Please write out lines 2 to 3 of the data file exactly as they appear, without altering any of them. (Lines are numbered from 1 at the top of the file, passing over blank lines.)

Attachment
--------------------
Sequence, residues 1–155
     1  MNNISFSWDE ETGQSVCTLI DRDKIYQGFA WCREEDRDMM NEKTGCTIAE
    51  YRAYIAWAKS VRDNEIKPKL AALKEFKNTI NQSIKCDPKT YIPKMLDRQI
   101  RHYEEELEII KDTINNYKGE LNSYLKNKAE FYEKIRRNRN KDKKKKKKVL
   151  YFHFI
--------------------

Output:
     1  MNNISFSWDE ETGQSVCTLI DRDKIYQGFA WCREEDRDMM NEKTGCTIAE
    51  YRAYIAWAKS VRDNEIKPKL AALKEFKNTI NQSIKCDPKT YIPKMLDRQI